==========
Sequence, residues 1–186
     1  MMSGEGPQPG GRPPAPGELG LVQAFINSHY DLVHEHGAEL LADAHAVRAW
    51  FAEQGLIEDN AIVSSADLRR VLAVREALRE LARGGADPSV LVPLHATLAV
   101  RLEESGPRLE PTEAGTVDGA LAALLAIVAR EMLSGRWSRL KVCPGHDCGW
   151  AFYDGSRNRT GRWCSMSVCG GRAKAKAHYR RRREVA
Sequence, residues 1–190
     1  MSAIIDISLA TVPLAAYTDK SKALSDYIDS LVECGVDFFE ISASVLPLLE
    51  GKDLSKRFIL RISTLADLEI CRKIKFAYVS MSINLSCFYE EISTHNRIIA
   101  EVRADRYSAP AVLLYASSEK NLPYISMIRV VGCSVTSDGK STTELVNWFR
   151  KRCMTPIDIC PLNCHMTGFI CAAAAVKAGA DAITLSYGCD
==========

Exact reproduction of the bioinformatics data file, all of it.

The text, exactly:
Sequence, residues 1–186
     1  MMSGEGPQPG GRPPAPGELG LVQAFINSHY DLVHEHGAEL LADAHAVRAW
    51  FAEQGLIEDN AIVSSADLRR VLAVREALRE LARGGADPSV LVPLHATLAV
   101  RLEESGPRLE PTEAGTVDGA LAALLAIVAR EMLSGRWSRL KVCPGHDCGW
   151  AFYDGSRNRT GRWCSMSVCG GRAKAKAHYR RRREVA
Sequence, residues 1–190
     1  MSAIIDISLA TVPLAAYTDK SKALSDYIDS LVECGVDFFE ISASVLPLLE
    51  GKDLSKRFIL RISTLADLEI CRKIKFAYVS MSINLSCFYE EISTHNRIIA
   101  EVRADRYSAP AVLLYASSEK NLPYISMIRV VGCSVTSDGK STTELVNWFR
   151  KRCMTPIDIC PLNCHMTGFI CAAAAVKAGA DAITLSYGCD